Dr. Two closed his presentation by discussing the direction of his future research, and funding opportunities. Dr. Two also pointed out the possibility of collaboration with other departments at the school. I think this was a great move, because it made me actually picture Dr. Two in the position, working with other professors. Another thing that grabbed my attention during this portion of the presentation was that Dr. Two referred to his advisor several times. He said things like, “My adviser said that this agency might have funding in a few years.”This made me feel like Dr. Two was not confident in his ability to look for funding for his research. It also gave me the impression that Dr. Two was not as experienced as Dr. One.
Although the presentation contained the same basic components, each of the candidates’ presentation style was very different. Overall, I think that both candidates were sufficiently qualified for the position. Unfortunately, neither of the candidates really shined in my opinion. There was a third candidate interview held on Friday, however I was unable to attend.
First, preparation is key; Dr. One presented all of his material in just over 30 minutes. I felt that he could have slowed down a bit. Because of the short presentation I felt that Dr. One was better prepared for the interview. It seemed like Dr. Two probably practiced his presentation several times. As a job hunter, I want to be the best prepared candidate for the job I am interviewing for.
As I stated in Inside the Interview Part I, in an interview, you are given a specific amount of time to sell yourself, USE IT! Be prepared to utilize this opportunity to your benefit; play up your strengths, skills, and experiences. Demonstrate your skills by using examples or short narratives. Check out the STAR Method for information on how to design short stories that showcase your abilities.
Once again, I will reiterate the importance of practice. Rehearse answers to some of the most Common Interview Questions. This will also help you to inventory your skills and abilities and prepare to answer new questions on the spot. Don’t be discouraged if your first interview doesn’t go as well as you’d hope. Try to create a list of things that you can improve and work on those aspects for the next interview.
The Civil and Environmental Engineering department at my school is interviewing several faculty candidates this week. Each of the three candidates is scheduled to present their research, prospective funding opportunities, and teaching experience. Students were invited to attend candidate lectures throughout the week.
I decided to attend the lectures for two reasons. First, as a student in the CEE department, I am interested in learning about prospective faculty joining the department. Second, as a prospective employee, I am interested in learning about job interviews.
**Note** Because I did not ask permission of the candidates to write about their presentations I will not use their names to protect their privacy.
I attended the first lecture today. The candidate, Dr. One breezed through the presentation of his research. He spoke confidently about his current research topic, and made a point of discussing the potential for future research and funding opportunities. I think this demonstrates that Dr. One did his homework before the interview, since NMT is a research university. A faculty position would encompass research, advising, and teaching. Dr. One designed his lecture to address these three areas of his experience.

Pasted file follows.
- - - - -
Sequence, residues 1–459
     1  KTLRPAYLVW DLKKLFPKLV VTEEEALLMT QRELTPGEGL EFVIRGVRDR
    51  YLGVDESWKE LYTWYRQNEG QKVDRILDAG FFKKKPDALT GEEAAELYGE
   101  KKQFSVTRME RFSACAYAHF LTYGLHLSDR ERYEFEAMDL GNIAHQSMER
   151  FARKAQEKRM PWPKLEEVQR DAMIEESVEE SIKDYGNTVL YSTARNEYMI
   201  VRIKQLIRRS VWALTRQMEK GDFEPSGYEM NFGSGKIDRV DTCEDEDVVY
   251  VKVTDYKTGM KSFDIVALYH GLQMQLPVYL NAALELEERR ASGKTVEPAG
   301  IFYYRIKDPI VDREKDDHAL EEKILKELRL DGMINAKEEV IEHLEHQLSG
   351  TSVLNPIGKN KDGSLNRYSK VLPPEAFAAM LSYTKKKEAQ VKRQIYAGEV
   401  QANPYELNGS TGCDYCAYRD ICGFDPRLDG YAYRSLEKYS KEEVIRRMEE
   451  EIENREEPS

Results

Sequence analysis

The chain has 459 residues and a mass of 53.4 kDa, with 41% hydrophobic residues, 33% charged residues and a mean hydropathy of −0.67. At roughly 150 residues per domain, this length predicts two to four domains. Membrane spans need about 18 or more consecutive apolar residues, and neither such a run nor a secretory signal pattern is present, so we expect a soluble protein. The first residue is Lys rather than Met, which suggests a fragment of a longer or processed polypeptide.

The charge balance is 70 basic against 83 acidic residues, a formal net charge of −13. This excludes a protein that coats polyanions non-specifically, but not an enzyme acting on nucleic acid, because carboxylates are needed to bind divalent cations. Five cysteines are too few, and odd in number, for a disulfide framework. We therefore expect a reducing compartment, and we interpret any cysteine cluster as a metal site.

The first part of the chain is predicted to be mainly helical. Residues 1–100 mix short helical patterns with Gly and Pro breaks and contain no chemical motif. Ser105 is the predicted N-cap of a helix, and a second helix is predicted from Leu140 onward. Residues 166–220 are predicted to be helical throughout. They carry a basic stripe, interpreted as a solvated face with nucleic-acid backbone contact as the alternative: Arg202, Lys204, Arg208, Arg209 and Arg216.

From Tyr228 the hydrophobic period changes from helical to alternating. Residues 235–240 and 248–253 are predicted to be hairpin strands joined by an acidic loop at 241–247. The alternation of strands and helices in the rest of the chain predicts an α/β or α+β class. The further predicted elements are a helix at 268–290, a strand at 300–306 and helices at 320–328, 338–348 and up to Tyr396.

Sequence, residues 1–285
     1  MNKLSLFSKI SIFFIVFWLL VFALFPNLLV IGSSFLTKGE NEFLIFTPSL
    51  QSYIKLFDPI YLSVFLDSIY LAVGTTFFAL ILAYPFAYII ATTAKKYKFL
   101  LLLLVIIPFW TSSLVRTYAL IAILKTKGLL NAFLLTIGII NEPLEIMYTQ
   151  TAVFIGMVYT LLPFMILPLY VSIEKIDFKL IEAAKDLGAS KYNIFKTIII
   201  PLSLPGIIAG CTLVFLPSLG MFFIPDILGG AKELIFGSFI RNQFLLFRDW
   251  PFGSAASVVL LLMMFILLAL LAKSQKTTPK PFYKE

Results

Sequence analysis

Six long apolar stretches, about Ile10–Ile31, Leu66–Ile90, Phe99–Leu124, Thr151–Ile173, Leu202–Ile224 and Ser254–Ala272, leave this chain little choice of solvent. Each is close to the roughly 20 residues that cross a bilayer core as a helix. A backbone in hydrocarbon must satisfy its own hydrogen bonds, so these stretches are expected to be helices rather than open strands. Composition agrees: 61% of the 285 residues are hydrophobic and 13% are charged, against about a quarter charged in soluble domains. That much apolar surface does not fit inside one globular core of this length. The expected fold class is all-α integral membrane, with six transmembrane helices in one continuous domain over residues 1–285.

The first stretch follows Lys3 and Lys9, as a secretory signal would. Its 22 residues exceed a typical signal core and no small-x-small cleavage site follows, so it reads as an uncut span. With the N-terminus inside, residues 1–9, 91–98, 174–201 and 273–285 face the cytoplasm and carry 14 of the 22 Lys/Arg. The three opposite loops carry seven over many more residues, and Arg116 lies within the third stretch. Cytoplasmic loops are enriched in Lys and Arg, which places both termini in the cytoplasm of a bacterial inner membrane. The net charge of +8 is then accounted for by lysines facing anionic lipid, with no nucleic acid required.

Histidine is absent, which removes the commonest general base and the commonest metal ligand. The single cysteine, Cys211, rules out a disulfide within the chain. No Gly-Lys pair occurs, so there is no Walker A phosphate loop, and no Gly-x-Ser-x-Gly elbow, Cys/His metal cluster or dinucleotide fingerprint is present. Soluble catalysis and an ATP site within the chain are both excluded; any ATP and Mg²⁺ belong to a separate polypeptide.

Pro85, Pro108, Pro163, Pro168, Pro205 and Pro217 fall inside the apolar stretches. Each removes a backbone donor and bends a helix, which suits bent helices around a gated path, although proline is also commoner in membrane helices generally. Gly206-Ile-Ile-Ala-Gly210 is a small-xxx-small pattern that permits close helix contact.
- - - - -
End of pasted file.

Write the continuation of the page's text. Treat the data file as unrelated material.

Next, Dr. One discussed his experience as a professional engineer. He included drawings and pictures of projects in which he was involved in the design and/or analysis. I really enjoyed this part of the presentation; it made me think about what my future portfolio might look like. The selection of projects that Dr. One chose to share with us illustrated his understanding of structural design, and his ability to present his projects in an organized and professional manner.
Dr. One closed his presentation with a discussion of his teaching ability, and some examples of his students senior design projects. I was really impressed with the senior design projects because they focused on sustainable design and LEED certification. Dr. One also helped his students to model their design and create an animation of the model.
Preparation is essential for a great interview. Be sure to research the company and position for which you will be interviewing. Also, practice answering interview questions. Think about how your previous experience relates to the position you are pursuing.
In an interview, typically you are given one hour to convince someone to hire you. What strengths or experiences would you like to highlight? How would you present yourself? If you already have professional experience, consider creating a portfolio of your previous work.
I was most impressed with Dr. One’s professional design experience. It is beneficial to students in engineering design classes to learn about the practical applications of the material they are learning. Dr. One mentioned taking his students on tours of construction sites; I think this could be a great experience for students.
I was least impressed with Dr. Ones’ ability to answer questions after his lecture. I think that he sort of lost composure, and it makes me wonder how well he could answer questions from students.
It will be interesting to compare and contrast Dr. One with the candidate Lecturing Thursday.